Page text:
The existence of ESA has enabled Europe to develop a comprehensive world class space program of a size and complexity that would have been virtually impossible for any individual European nation to achieve. It has also allowed Europe to coordinate its overall space strategy, leading to an avoidance of duplication of effort and consequently a more efficient utilization of the financial resources its member nations are prepared to devote to civil space activities. Over the years its individual programs have provided a major stimulus to European industry, requiring the development of cutting edge technologies and sophisticated management and operations practices.
As it enters its fourth decade the Agency is seeking to redefine itself against a rapidly evolving geopolitical climate both within Europe and on a broader stage, and in an environment of constrained government spending on civil space activities. It faces major decisions in a number of area, e.g. the future of human spaceflight, the next generation of European launcher and the role it should play with respect to European security matters. It is to be expected however that ESA will remain one of the foremost civil space agencies on the planet and will continue to play a significant role in all aspects of the space sector.
European institutional cooperation in space activities was formalized in 1964. In that year the European Space Research Organization and the European Launcher Development Organization were set up. The European Space Research Organization originally was focused on the development of scientific satellites, while the European Launcher Development Organization had responsibility for the development of a European launch vehicle.
In 1972 it was agreed that European Space Research Organization would maintain its science program as a core activity, participated in by all member states, but also would become involved in applications satellites, those same states opting whether or not to take part in such programs. A year later, following a string of launcher development problems, the European Launcher Development Organization ‘s Europa program was discontinued. However, at the urging of France, which felt that it was mandatory for Europe to develop an autonomous space access capability, it was decided to initiate a new launcher development effort that ultimately evolved into the highly successful Ariane program.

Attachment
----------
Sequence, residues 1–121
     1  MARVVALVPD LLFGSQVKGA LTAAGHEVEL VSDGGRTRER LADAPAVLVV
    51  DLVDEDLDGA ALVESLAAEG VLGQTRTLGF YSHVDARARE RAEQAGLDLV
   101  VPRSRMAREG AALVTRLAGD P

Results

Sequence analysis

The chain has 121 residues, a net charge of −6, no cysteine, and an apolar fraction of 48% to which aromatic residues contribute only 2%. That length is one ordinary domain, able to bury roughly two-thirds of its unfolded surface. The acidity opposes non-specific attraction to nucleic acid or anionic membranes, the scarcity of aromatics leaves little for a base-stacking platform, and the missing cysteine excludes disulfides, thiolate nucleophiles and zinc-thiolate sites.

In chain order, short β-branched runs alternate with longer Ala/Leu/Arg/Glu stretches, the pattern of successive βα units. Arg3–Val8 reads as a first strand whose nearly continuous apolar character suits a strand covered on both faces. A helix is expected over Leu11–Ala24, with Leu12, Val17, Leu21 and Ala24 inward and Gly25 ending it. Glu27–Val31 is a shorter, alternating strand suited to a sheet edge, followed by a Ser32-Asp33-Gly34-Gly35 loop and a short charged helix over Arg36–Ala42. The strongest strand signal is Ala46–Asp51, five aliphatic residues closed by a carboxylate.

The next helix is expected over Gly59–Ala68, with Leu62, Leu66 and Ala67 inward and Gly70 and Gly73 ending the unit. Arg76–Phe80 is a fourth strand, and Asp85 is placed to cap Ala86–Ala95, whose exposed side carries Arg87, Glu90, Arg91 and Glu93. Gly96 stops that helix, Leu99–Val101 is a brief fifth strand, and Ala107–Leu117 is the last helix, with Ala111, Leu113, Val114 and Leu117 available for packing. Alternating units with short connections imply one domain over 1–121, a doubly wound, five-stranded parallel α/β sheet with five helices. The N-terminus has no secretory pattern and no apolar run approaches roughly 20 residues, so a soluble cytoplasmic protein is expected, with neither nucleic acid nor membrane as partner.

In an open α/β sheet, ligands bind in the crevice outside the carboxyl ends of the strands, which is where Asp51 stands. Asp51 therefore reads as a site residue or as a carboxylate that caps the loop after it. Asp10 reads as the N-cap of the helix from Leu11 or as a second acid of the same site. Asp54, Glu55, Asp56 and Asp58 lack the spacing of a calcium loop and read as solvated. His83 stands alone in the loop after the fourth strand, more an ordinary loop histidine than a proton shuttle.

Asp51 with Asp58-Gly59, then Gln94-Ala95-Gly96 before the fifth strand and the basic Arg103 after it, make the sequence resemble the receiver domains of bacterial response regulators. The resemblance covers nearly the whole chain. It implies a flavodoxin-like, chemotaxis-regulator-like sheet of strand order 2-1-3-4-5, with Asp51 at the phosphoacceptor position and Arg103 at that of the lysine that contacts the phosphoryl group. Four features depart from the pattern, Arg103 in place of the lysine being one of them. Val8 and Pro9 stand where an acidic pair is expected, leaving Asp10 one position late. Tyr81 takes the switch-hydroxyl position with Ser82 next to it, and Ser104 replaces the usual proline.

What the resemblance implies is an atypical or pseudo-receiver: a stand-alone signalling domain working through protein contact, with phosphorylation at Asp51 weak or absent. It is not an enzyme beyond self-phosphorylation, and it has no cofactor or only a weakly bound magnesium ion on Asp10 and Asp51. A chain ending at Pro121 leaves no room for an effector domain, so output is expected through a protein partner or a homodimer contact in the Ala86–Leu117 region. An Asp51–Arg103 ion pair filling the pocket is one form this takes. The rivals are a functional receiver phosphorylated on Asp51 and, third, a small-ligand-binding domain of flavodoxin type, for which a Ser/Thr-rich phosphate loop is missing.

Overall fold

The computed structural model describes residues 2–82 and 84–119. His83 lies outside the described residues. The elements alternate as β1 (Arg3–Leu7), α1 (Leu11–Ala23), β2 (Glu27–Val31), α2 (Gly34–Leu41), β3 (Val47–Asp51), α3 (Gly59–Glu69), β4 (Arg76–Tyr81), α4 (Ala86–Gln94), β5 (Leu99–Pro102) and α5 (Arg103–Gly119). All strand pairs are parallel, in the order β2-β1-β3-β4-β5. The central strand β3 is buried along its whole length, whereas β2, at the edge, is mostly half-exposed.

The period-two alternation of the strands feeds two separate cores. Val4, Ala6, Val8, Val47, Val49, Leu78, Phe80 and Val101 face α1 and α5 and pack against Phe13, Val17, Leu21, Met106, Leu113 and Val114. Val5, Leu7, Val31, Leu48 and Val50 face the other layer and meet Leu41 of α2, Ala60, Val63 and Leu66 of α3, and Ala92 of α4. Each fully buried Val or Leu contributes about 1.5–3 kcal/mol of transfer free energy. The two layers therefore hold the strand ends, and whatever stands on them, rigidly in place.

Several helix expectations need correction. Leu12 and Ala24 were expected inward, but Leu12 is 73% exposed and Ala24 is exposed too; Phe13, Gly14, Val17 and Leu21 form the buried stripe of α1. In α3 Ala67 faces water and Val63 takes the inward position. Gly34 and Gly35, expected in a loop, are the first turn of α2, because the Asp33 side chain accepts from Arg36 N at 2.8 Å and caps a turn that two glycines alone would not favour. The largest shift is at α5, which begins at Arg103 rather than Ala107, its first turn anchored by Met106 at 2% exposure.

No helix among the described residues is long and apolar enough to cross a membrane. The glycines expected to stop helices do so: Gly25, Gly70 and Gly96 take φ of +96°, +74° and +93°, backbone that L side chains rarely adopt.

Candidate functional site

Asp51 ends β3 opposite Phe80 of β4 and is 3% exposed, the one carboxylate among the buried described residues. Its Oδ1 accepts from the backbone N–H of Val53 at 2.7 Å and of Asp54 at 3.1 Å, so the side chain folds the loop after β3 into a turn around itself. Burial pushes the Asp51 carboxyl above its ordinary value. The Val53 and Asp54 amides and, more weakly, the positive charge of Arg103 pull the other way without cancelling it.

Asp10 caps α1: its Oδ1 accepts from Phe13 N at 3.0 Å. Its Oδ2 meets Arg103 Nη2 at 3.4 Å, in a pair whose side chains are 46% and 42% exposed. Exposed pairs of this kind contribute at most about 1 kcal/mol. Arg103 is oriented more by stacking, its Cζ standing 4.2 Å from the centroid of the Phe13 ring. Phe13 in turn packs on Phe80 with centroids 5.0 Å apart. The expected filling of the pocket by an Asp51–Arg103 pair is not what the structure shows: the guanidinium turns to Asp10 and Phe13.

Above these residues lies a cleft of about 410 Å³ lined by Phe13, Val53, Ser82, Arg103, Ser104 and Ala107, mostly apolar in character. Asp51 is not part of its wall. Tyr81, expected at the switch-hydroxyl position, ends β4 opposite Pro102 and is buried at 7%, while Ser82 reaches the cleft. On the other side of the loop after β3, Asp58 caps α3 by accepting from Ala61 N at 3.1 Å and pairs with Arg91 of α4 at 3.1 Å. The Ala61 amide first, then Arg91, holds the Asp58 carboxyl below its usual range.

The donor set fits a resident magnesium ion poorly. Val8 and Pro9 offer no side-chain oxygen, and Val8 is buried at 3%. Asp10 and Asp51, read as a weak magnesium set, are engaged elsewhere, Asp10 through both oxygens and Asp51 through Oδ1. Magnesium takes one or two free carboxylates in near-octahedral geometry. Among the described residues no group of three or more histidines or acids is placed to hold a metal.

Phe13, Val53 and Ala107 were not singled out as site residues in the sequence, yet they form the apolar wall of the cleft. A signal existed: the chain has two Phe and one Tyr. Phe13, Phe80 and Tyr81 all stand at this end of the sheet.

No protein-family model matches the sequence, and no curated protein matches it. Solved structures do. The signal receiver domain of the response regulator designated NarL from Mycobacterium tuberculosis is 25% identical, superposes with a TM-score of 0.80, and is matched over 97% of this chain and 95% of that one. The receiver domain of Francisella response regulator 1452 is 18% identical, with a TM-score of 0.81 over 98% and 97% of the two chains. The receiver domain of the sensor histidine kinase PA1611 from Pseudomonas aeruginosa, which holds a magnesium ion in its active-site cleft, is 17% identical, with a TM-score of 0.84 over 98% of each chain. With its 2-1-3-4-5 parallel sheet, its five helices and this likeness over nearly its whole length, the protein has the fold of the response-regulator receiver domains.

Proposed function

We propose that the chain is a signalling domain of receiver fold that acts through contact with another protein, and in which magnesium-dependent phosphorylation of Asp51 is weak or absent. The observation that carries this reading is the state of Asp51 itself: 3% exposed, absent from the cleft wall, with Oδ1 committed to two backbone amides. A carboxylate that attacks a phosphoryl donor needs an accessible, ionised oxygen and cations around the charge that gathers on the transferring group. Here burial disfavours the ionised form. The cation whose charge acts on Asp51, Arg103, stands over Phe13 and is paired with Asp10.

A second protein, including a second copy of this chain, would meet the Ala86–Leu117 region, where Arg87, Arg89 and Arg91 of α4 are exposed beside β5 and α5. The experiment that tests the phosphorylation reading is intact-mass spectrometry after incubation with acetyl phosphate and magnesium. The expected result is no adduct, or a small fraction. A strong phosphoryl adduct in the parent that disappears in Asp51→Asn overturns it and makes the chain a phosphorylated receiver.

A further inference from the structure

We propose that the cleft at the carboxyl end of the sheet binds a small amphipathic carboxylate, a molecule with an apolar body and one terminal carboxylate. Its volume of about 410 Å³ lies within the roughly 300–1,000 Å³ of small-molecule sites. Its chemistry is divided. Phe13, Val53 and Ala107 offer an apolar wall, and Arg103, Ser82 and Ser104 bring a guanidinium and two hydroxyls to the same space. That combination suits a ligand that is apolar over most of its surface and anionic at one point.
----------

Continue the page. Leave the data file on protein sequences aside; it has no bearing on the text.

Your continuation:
Around the same time it also was agreed that the European Space Research Organization would become involved in manned space activities through the development of Spacelab, Europe’s contribution to the U.S. National Space Transportation System (the shuttle). With the subsequent decision to merge the two organizations ESA became a reality.
ESA started operation May 31, 1975, although its Convention, the legal instrument under which it operates, did not enter into force until October 30, 1980, when the last of its founders completed their ratification process. As an intergovernmental organization, it has grown over the years from its original 10 founders to its current membership of 16 nations . (Luxembourg is scheduled to become the 17th by year’s end ). It also has entered into a long running Cooperation Agreement with Canada, under which Canada participates in many of ESA’s optional programs as if it were a member state.
PRIVATE tabstops:<*t(0.000,0,” “,)> Over the years ESA programs have grown both in diversity and complexity, to the point where it currently possesses a high level of capability in all aspects of space with the exception of the transport of humans to and from low Earth orbit .